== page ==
It's been a bad week for felines on home video — first up, we reviewed the 20th anniversary edition of Sleepwalkers in which the cop's cat, Clovis, has to go tooth to claw with an evil shape-shifter and barely survives; then there's the upcoming Blu-ray release of Re-Animator in which Dr. Herbert West kills and then resurrects his roommate's black mog, Rufus, with disastrous results — but perhaps faring and aging the best are two timeless classics, Cat People and Curse of the Cat People.
Both films are produced by Val Lewton. Though his career was cut short by a combination of Hollywood politics and ill health, Lewton’s distinctive body of work builds a strong case for the producer as auteur. The RKO B-movies produced by him during the 1940s conjure up a mood of intangible dread and wonder, especially these companion pieces, presented back-to-back on one disc.
1942's Cat People has since become a classic and I've seen it numerous times… but, I never tire of it. It's an absolutely gorgeous and masterful combination of mood, suspense, horror, romance, dark fantasy and melodrama.
Here we meet Irena Dubrovna (Simone Simon), an exquisite and mysterious Serbian-born fashion artist residing in New York City. After he gives her a Siamese kitten as a present, Irena falls in love with and marries Oliver Reed (Kent Smith). The conflicted cat-woman is afraid that arousing her marital passions will wake the panther within her, so her husband sends her to a very tasty psychiatrist (played with panache by Tom Conway), but alas, there is no nurture which can overcome her predatory nature.
This evocative black-and-white film preys purely on the imagination, shunning lurid transformation scenes. What's more, it was one of the first to feature the 'Lewton bus' — a scene in which a bus obscures the viewer from seeing certain scary goings-on. That information, and more, is revealed on the DVD commentary by cinefile Greg Mank (which is intercut with a few reminiscing quotes from the late Simon).
So much has been written on Cat People, I choose to focus on its lesser-known sequel, Curse of the Cat People, which was released a couple of years later. Imbued with even more mood and languid, dreamy pacing than its companion, Curse of the Cat People takes place about seven years after Irena's departure.
Focus is on the daughter of re-married Oliver Reed, and Alice (Kent Smith and Jane Randolph). Irena's supernatural spirit lives on, and she wants nothing more than to seduce young Amy (Ann Carter), the child she never got to have. Amy is a pensive, fanciful girl, bright and imaginative, yet naïve. After she encounters an old woman who lives in the neighborhood haunted mansion ("The Witch's House" the local kiddies call it) and is given a perhaps magical friendship ring, the little girl begins to receive visits from an imaginary companion: Irina.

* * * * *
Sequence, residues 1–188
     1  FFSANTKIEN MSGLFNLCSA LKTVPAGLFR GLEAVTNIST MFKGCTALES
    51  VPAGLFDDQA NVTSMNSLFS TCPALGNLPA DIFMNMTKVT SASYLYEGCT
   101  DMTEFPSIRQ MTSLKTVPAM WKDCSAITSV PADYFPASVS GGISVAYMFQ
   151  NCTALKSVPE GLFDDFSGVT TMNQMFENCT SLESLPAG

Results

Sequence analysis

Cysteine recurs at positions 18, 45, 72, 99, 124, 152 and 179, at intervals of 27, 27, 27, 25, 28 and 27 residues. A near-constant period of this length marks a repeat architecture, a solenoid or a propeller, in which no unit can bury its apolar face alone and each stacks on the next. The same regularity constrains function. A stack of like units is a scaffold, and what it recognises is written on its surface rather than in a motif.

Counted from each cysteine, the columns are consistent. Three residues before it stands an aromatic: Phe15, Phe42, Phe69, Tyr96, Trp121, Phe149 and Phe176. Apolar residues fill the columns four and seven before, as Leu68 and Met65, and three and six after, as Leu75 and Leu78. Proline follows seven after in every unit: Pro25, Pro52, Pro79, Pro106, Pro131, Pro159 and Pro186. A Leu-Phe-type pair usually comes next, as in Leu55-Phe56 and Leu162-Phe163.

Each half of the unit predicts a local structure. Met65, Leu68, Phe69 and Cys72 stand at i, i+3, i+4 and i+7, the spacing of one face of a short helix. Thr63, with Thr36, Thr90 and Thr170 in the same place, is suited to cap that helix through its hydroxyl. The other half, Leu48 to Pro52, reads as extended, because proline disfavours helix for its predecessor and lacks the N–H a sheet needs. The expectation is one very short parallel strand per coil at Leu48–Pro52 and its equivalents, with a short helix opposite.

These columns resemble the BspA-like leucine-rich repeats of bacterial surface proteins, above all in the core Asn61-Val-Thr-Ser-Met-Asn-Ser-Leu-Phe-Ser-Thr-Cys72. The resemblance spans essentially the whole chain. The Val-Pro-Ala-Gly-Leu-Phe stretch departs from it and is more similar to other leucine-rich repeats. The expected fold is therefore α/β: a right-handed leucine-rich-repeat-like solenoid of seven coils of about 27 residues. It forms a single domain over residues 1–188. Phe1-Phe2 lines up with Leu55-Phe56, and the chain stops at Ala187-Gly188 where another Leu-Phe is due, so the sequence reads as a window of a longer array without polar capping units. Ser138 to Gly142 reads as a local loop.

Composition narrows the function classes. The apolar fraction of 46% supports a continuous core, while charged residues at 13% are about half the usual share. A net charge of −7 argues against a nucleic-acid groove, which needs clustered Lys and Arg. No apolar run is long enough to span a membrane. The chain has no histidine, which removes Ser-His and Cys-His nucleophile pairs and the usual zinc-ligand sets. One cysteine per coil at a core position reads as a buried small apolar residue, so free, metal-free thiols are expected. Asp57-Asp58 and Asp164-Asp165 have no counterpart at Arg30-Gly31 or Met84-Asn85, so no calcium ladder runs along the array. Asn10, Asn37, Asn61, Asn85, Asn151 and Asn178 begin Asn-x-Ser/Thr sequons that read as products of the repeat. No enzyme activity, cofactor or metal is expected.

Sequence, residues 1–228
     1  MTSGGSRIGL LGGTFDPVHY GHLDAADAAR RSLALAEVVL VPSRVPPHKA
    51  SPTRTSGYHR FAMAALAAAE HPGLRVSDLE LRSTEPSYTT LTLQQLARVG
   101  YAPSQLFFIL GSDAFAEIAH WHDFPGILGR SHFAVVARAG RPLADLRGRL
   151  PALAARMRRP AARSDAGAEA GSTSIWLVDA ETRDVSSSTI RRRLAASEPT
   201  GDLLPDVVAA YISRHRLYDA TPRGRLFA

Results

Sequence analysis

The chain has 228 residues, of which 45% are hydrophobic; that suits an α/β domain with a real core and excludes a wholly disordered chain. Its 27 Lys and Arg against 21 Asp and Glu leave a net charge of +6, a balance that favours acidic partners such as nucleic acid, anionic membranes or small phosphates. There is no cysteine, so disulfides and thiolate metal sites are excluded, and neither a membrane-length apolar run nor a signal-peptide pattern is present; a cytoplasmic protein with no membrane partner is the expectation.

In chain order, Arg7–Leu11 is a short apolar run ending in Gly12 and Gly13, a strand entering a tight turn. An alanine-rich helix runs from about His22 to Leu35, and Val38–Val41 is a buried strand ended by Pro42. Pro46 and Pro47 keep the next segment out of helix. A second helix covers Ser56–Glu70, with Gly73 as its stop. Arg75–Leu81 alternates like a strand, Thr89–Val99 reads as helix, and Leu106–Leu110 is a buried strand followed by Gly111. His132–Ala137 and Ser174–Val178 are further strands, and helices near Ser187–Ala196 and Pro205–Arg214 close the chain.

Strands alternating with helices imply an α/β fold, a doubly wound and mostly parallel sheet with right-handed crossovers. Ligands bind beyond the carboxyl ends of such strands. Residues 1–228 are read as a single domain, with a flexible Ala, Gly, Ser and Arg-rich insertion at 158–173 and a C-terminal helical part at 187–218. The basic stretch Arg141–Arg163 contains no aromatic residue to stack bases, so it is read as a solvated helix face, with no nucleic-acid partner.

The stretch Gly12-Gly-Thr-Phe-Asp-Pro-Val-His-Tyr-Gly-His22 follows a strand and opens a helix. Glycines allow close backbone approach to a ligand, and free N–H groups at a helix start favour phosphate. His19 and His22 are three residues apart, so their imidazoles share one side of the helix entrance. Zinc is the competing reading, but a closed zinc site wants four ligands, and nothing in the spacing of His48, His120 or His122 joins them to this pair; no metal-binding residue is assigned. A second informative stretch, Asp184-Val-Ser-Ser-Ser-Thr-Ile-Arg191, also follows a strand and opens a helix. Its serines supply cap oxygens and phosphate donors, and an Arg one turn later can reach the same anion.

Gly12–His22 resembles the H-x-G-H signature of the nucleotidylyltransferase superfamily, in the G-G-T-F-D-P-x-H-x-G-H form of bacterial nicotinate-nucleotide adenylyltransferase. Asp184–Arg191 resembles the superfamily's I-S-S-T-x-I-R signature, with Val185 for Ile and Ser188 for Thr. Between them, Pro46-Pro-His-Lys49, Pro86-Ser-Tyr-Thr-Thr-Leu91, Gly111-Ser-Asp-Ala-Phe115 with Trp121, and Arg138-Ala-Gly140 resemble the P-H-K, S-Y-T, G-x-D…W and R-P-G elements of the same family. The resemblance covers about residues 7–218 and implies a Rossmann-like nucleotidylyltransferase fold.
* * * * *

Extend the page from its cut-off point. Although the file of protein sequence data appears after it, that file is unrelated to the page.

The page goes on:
Mysteries and meanings begin to curl around each other like creeping vines — the elderly dame (played by Julia Dean) disowned her own daughter, Barbara (Elizabeth Russell, who was the "sister" cat-woman in the restaurant scene in the first Cat People film), whom she claims died in an accident at the age of six: the same age Amy is. What's more, Amy means "friend" in French, and while Irina is a good one, jealous Barbara is the furthest from such and actually wants to strangle the child.
While some have cited the story as slow, it's a movie I personally adore — and would probably love even more, had I seen it as a little girl; it's a truly beautiful and respectful kids' drama with delicacy and depth in equal measure — for many reasons. The acting is absolutely tops across the board from old to young, especially given the extended bouts of dialogue; the sensuous, silky black and white cinematography is sumptuous indeed, and DP Nicholas Musuraca really knew how to compose for maximum artistic impact; and direction is deft, even as split between two men with very different stylistic sensibilities.
The first director of the film was workhorse Gunther Von Fritsch (who fell behind schedule and went over budget), and then artistic Robert Wise (who was RKO editor on Citizen Kane and The Magnificent Ambersons) was brought on the try his hand. This led to a big career in directing for Wise. The next year Lewton had Wise helm The Body Snatcher. He then went on to a successful career that would include The Day The Earth Stood Still, The Haunting, West Side Story, The Sound Of Music, and The Andromeda Strain.
Cat People and Curse of the Cat People are perfect to watch one right after the other on a rainy afternoon, or better-yet, a sleepless night.
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Reviewed by Staci Layne Wilson